Differential effects of interleukin (IL)-1β, IL-2 and IL-6 on responding for rewarding lateral hypothalamic stimulation
Brain Research , Volume 779 - Issue 1-2 p. 177- 187
Bacterial endotoxin and interleukin-1 (IL-1) challenge induce a constellation of symptoms associated with illness. While such treatment may result in anhedonia, it is often difficult to dissociate this effect from the anorexia induced by these agents, particularly in paradigms that involve appetitive motivation. The present investigation assessed the effects of several systemically administered cytokines (IL-1β, IL-2 and IL-6) on reward processes by evaluating responding for rewarding intracranial self- stimulation (ICSS) from the lateral hypothalamus. Systemic administration of interleukin-2 (IL-2) disrupted responding from the medial forebrain bundle, and this disturbance persisted as long as 1 week following initial cytokine treatment. In contrast to reinforced responding, following IL-2 treatment, non-reinforced behavior was unaffected, indicating that the cytokine did not provoke reward-unrelated performance deficits. It was suggested that the effects of IL-2 on ICSS likely do not involve motoric, soporific, attentional or cognitive changes, but instead involve specific actions on motivational arousal. Although IL-6 was previously found to produce mesolimbic dopamine (DA) changes as marked as those induced by IL-2, systemic IL-6 treatment did not influence responding for rewarding brain stimulation. Likewise, although IL-1 at the dosage used reliably induces sickness behavior, responding for rewarding brain stimulation was unaffected. Thus it seems that anhedonia is not necessarily a component of the sickness response associated with IL-1 treatment.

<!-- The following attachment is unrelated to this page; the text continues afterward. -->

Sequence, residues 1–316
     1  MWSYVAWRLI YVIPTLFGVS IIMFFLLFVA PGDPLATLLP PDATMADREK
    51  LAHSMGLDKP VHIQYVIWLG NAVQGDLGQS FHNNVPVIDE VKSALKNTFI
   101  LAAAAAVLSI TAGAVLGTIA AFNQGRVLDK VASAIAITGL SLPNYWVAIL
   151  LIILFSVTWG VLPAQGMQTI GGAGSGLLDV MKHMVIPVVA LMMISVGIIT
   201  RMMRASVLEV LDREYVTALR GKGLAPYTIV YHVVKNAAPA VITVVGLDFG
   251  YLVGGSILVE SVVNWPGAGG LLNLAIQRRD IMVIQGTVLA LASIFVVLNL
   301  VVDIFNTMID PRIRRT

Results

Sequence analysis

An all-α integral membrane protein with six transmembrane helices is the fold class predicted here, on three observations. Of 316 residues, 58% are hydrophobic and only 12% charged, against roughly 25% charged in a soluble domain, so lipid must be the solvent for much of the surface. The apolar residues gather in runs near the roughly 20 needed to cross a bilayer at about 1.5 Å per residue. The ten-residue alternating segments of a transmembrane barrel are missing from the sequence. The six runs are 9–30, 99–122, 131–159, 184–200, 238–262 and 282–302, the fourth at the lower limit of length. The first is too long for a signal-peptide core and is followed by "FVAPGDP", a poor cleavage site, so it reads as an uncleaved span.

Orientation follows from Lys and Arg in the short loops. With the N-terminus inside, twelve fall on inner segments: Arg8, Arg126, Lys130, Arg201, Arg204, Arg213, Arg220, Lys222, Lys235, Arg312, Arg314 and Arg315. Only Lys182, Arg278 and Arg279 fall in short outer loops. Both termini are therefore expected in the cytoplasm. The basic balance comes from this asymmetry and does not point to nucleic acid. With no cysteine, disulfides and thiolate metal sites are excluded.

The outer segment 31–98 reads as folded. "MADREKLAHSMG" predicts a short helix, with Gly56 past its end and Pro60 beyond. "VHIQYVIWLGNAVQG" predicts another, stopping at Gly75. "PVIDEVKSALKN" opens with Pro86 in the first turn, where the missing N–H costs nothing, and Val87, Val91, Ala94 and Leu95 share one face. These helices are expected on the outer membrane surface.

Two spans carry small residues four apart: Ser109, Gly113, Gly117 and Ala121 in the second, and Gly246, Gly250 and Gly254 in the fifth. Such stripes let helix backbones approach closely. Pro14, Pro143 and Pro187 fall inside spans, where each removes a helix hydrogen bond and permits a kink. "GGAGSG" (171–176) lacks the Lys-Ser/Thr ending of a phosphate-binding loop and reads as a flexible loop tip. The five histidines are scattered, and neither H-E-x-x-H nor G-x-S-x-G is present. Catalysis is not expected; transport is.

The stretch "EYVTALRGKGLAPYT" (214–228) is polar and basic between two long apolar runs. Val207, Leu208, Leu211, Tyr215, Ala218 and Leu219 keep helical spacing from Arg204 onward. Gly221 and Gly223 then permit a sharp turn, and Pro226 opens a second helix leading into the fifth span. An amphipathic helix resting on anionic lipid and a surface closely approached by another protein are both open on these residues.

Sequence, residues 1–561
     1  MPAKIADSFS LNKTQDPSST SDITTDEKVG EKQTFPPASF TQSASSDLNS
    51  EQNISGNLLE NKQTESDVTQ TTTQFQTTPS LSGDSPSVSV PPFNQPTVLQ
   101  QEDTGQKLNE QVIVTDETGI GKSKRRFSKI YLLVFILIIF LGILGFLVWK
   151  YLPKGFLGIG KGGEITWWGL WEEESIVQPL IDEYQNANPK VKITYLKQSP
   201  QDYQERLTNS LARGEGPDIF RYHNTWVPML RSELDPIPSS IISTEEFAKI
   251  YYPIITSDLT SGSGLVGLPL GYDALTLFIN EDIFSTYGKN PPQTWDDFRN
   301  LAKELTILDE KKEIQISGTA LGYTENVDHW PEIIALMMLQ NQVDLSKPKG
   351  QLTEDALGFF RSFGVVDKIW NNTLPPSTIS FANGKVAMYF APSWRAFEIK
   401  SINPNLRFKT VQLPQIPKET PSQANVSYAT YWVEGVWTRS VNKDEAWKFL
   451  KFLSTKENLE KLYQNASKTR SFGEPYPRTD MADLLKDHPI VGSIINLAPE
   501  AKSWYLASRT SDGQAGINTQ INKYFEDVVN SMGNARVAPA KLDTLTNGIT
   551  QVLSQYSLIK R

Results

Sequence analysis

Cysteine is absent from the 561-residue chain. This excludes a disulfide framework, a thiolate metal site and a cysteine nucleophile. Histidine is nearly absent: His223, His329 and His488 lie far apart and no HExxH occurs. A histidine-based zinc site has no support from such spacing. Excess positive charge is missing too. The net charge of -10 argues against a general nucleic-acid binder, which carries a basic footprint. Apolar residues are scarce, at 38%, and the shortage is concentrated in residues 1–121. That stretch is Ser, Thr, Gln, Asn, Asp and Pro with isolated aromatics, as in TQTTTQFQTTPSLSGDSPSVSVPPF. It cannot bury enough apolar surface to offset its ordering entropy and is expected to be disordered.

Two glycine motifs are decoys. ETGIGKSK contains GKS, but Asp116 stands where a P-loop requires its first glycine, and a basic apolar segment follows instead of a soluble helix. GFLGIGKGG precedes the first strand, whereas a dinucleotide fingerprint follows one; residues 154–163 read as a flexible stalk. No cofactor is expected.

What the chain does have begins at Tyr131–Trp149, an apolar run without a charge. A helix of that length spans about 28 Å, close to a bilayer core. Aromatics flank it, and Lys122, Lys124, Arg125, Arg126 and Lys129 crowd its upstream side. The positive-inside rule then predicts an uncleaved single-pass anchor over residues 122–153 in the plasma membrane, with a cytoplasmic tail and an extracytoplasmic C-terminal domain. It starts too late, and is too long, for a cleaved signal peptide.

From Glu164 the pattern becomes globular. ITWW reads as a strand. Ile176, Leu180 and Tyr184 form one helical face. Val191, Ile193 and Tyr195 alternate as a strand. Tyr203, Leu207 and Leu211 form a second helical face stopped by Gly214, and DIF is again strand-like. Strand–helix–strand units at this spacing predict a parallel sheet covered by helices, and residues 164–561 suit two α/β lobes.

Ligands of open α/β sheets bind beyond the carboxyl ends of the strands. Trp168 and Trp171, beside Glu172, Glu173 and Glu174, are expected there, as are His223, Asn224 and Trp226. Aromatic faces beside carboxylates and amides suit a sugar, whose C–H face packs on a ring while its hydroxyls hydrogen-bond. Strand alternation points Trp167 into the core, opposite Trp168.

|Cytokine, Interleukin-1, Interleukin-2, Interleukin-6, Intracranial self stimulation, Psychoneuroimmunology, Reward|
|Organisation||Department of Psychology|
Anisman, H, Kokkinidis, L., Borowski, T. (Thomas), & Merali, Z. (1998). Differential effects of interleukin (IL)-1β, IL-2 and IL-6 on responding for rewarding lateral hypothalamic stimulation. Brain Research, 779(1-2), 177–187. doi:10.1016/S0006-8993(97)01114-1